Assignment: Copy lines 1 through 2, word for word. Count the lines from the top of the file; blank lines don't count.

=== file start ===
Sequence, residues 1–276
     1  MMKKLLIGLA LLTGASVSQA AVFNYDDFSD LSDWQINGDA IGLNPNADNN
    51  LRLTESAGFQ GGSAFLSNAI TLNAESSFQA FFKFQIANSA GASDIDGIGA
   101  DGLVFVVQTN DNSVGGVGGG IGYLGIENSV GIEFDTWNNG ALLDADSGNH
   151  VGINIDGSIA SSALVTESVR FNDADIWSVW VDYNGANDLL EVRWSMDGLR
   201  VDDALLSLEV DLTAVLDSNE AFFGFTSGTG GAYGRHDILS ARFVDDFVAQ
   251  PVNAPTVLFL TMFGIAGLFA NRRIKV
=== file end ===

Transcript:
Sequence, residues 1–276
     1  MMKKLLIGLA LLTGASVSQA AVFNYDDFSD LSDWQINGDA IGLNPNADNN